Patterns of Truth: Explaining Trust, Social Media and Truth in Indonesian Contemporary Politics

Abstract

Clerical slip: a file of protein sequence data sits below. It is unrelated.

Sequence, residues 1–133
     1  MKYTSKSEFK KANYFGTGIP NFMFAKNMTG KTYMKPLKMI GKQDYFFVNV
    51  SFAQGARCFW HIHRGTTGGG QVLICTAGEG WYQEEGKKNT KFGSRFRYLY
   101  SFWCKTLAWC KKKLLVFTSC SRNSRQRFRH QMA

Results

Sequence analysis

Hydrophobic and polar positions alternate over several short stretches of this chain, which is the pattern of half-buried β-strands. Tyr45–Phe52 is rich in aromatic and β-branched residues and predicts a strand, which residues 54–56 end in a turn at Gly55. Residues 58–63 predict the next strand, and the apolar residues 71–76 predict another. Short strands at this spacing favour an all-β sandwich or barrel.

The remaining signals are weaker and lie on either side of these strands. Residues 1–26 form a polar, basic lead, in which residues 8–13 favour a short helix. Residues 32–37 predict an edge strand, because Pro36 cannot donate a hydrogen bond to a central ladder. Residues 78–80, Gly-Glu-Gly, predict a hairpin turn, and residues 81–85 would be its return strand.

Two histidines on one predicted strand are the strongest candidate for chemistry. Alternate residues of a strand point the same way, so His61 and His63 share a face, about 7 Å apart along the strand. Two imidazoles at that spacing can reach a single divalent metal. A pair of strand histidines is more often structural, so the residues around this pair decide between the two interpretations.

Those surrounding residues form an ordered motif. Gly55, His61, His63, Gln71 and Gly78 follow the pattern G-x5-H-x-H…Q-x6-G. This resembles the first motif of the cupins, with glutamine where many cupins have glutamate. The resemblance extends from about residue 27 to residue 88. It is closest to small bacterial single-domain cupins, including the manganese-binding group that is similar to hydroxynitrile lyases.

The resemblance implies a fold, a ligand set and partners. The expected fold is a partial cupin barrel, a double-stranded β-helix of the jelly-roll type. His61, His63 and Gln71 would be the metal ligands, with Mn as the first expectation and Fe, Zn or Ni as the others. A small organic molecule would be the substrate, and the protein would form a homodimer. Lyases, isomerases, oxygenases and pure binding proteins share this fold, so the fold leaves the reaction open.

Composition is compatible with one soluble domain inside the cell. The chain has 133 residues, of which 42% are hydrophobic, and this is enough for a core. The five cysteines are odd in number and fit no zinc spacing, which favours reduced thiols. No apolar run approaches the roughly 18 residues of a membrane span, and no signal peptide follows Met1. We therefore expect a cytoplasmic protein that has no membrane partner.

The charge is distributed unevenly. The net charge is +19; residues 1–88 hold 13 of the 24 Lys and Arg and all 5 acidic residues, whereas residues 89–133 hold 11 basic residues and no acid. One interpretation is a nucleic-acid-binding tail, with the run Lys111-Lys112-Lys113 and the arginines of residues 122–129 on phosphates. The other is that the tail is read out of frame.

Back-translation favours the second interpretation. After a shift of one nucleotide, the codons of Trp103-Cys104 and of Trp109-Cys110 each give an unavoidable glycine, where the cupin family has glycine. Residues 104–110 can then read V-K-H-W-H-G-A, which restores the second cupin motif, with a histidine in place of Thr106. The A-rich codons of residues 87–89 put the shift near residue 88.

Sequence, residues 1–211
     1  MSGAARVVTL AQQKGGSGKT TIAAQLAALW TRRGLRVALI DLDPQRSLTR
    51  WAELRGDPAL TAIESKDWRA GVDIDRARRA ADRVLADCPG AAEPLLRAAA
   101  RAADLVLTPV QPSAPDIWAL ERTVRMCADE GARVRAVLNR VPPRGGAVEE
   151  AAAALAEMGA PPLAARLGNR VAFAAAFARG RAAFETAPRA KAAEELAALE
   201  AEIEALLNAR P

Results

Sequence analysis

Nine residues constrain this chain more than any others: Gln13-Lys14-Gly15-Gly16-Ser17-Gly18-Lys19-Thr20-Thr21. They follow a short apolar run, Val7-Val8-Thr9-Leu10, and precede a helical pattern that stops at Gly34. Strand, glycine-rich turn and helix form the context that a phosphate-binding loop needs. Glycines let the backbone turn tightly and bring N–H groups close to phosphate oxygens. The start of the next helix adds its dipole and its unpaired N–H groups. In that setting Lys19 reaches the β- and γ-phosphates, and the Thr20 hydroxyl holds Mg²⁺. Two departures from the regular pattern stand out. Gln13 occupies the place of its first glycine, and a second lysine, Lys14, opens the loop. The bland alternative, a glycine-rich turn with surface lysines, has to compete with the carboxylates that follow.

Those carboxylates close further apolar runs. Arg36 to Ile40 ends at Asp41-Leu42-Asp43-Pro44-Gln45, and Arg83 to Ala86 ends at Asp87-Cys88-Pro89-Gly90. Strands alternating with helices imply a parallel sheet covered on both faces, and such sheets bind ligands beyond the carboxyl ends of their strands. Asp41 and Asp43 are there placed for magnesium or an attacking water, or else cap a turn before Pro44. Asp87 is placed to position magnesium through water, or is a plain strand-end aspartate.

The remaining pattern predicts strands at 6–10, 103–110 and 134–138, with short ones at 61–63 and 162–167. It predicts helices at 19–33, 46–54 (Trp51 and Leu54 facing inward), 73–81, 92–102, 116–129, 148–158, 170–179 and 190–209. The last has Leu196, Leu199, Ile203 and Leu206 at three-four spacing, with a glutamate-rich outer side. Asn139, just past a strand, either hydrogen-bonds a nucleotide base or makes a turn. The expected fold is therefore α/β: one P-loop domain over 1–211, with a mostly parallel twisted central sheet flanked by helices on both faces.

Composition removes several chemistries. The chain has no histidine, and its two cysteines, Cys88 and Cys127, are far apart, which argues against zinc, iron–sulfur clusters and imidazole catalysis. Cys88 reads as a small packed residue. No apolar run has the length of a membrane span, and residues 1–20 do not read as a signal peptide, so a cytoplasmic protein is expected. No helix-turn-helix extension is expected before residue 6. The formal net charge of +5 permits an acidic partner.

This study analyzes the utilization of social media in political communication processes in the post-truth era. Today, the utilization of various social media has had a significant impact on the process of politics worldwide. Facebook and Twitter are the most popular social media platforms in the world, therefore, the most used in politics. Both of them directly influence the democratic process. The lack of transparency on social media platforms, however, has become a major problem. Information on social media is often misleading and ignores facts and truth. Social media users can easily disseminate unverified information to other social media users. Moreover, in the age of post-truth, people tend to disclose themselves to ideas, values, and opinions that they have already accepted, instead of the true facts. The objective of this research is to assess the usage of social media in the democratic process in the post-truth era. Therefore, the research question is: how do people use social media to seek truth and trust in politics in the age of the information overload? Using phenomenology as the method, the main focus of this study is the experience of the informants. The results of this research suggest that social media can be used as an opportunity for, as well as a challenge to democracy. Besides playing a role in the democratic process, social media can be a dangerous weapon in political discourse. That is why critical thinking is needed so that we can distinguish between true or factual information and fake news delivered through social media.